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Home Front: Soldiers Learn To Live After War

Frontlines Of Fatherhood: Catching Up After War

Originally published on Sun June 17, 2012 6:58 pm

Last year, members of the 182nd National Guard regiment marked Father's Day far away from their loved ones. This year, they're home with their kids after a year in Afghanistan.

Spc. Bryan Tolley, 29, knows the challenges of being both a soldier and a dad. His son, Ryan, is a shy, blond 18-month-old who happily clings to his dad.

"Seeing his face light up when he sees Dada come through his bedroom door instead of Mama — because he's so used to his mother — it's awesome. I love it," says Tolley of Plymouth, Mass.

At a Guard event in the state, he meets up with his friends from deployment. They take turns playing with Ryan.

"I wouldn't trade being a father for the world. It's one of the coolest feelings in the world," he says. "It really is."

Ryan was just a newborn when Tolley was told he was shipping out to Afghanistan.

"It was tough at first. It's one thing to be prepared for a deployment. It's another to know that you're going to be leaving a baby behind," he says. "When we found out we were pregnant, it was the coolest feeling in the world, but that was quickly shadowed by the fact that I was leaving in a few months."

Like other soldiers who have to leave behind families, he missed a lot of "firsts."

"First steps, first time eating solid food by himself. He started talking while I was gone, too," Tolley says.

It was his first deployment overseas. Tolley's unit was in Zabul province, which is relatively stable. Tolley says the nights over there were still, most of the time.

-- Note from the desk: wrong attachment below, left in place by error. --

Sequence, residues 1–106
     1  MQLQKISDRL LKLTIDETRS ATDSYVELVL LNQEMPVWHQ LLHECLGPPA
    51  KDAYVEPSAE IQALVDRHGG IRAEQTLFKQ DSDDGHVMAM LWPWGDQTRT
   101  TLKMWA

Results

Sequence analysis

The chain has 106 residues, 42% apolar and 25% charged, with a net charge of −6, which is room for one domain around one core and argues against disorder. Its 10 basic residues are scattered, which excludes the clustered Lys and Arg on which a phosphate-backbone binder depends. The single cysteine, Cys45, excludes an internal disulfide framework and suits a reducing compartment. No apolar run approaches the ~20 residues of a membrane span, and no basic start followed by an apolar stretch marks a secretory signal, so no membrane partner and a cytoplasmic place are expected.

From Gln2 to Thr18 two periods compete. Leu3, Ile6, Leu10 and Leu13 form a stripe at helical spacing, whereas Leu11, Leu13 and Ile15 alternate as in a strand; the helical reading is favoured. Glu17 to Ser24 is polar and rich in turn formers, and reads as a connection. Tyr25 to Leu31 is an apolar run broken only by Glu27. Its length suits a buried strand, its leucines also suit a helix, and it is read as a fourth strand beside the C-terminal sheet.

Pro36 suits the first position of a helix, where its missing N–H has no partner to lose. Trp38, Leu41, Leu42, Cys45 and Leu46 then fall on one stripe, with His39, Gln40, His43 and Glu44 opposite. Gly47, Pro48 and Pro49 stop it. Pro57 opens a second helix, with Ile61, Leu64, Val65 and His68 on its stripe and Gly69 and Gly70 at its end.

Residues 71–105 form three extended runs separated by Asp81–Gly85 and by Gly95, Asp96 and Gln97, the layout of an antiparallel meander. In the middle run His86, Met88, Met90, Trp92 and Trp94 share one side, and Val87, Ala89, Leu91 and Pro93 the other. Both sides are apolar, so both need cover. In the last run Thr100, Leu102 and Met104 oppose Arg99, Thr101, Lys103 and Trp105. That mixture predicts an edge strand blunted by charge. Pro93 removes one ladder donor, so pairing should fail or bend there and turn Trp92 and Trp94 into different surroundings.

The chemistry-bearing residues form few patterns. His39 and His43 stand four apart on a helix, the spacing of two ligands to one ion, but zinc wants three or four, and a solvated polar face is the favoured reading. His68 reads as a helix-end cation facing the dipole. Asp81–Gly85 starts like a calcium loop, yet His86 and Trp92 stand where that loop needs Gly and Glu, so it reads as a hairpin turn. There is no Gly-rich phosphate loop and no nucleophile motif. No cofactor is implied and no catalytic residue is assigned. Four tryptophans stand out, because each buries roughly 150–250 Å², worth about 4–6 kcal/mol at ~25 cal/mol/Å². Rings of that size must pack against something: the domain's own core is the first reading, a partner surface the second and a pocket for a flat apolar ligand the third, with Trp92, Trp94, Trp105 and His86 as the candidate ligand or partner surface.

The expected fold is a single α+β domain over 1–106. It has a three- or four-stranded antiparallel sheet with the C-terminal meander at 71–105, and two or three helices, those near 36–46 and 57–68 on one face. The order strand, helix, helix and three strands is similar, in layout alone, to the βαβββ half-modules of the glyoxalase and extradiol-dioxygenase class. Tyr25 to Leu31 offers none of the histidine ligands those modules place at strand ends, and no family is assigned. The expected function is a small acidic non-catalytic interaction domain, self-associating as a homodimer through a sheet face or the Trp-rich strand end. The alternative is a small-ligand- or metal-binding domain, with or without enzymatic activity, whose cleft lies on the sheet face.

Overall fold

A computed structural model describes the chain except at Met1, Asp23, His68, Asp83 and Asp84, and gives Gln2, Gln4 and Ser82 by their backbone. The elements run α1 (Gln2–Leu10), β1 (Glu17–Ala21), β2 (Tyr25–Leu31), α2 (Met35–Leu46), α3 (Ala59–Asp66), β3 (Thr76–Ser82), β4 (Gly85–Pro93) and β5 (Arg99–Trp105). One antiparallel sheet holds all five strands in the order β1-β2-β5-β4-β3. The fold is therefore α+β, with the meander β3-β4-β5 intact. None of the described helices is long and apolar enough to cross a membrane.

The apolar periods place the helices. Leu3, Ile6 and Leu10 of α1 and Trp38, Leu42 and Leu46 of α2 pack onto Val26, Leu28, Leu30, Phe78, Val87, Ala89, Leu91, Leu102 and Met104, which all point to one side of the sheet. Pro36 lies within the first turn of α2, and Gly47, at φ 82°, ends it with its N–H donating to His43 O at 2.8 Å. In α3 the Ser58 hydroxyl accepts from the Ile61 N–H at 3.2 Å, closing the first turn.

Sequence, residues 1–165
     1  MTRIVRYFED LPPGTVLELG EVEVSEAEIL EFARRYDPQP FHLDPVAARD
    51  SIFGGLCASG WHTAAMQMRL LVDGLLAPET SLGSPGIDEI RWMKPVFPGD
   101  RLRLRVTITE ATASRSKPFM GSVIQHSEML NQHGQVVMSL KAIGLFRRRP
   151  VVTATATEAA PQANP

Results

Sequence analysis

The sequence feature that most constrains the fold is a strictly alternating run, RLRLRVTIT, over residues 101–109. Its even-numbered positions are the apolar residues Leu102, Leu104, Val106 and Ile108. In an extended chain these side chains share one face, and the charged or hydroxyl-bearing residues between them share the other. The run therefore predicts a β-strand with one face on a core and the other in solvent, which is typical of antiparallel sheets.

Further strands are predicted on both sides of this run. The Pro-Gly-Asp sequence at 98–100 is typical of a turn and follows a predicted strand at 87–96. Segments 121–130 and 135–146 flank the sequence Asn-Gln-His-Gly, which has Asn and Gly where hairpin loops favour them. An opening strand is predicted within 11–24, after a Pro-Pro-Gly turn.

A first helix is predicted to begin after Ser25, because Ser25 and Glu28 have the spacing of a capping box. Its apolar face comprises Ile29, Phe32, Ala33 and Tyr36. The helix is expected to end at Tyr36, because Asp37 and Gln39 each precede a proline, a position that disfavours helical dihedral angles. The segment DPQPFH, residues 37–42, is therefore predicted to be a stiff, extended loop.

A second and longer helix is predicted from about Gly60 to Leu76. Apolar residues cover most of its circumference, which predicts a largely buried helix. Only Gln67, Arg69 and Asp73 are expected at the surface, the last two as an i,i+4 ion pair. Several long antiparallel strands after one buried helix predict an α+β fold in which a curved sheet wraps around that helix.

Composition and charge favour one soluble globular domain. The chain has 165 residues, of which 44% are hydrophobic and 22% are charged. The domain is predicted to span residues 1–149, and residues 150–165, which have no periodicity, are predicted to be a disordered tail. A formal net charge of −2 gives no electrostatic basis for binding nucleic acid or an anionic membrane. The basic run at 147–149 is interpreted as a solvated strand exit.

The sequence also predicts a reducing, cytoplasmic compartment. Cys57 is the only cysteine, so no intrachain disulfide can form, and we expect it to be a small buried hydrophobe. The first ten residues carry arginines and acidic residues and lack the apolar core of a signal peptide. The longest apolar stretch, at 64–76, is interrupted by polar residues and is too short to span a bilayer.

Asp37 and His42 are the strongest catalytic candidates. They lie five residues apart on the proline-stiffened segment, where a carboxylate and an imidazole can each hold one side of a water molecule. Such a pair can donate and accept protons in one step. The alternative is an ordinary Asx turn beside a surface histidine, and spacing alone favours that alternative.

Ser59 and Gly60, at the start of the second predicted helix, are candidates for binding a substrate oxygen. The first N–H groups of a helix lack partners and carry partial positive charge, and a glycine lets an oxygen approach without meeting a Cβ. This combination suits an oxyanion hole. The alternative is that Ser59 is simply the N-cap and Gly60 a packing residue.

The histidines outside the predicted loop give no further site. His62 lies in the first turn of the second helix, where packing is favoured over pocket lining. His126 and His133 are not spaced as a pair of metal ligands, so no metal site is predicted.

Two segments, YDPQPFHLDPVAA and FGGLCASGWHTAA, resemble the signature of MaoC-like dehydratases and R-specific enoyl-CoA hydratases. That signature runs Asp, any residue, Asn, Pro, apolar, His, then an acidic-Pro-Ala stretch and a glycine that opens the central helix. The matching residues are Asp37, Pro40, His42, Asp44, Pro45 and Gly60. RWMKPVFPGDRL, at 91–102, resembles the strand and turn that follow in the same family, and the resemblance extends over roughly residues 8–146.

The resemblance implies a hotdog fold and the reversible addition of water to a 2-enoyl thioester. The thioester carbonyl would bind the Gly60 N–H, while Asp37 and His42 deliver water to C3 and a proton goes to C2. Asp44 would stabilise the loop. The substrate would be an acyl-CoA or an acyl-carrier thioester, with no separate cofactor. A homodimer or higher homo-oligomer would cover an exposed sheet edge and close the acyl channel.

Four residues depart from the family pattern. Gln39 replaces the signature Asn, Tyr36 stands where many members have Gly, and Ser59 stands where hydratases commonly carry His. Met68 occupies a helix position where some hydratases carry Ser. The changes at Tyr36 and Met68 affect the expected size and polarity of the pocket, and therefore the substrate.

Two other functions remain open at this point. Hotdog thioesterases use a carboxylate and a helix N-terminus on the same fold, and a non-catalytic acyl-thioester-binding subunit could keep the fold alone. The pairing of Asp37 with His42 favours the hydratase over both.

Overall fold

"I've learned a whole new definition of quiet," he says, "the creepy quiet."

Now, "quiet" has another definition.

"It's the good kind of quiet, the quiet when he's sleeping," Tolley says.

At the same Guard event, Michael Clark Jr., tries to squirm free from his dad. The meet-up is a chance for Sgt. Michael Clark to reunite with the guys from his unit. He was deployed to Nangarhar province near the Pakistani border. Now, Afghanistan seems a long way away.

"You're going to see a lot of love, a lot of handshakes, a lot of hugs," he says. "It's a really big family. It's pretty much a big group of kids all in uniform, but we do love each other, and I'm glad everyone came back safe."

Clark is right. Most of these soldiers are really young. Many, if not most of them, have kids of their own.

War and fatherhood have forced them to grow up quickly. Sometimes, the stress of those responsibilities can be overwhelming. Clark says it was tough when he first came home to his family. They had changed, and he had missed it.

"Overnight, your lives have changed. Your family has gone on one more year," he says. "Your son has grown up one year, and you kind of have to catch up."

That's what these soldiers are doing. Yes, there is a lot of stress. Many of them are now looking for regular civilian jobs. Some are dealing with injuries, even post-traumatic stress disorder. And a lot of them, like Tolley, are learning to be fathers for the first time.

This is a role that requires strength, endurance and, unlike soldiering, sometimes complete surrender.

"The one thing I think is wicked cute is [Ryan will] actually blow kisses, and he'll make the noise to go along with it," Tolley says. "He's always laughing. He's always got a smile on his face."

So does his dad.

Audio produced for Weekend Edition by Tom Bullock.

Copyright 2013 NPR. To see more, visit http://www.npr.org/.

Transcript

RACHEL MARTIN, HOST:

A lot of the troops Tom Bowman was with in Afghanistan will be marking today - Father's Day - far away from their loved ones. There will still be Happy Father's Day wishes over cell phones and conversations on Skype. That's how members of the 182nd National Guard regiment marked this day last year when they were deployed in Afghanistan. This year, they are home with their kids.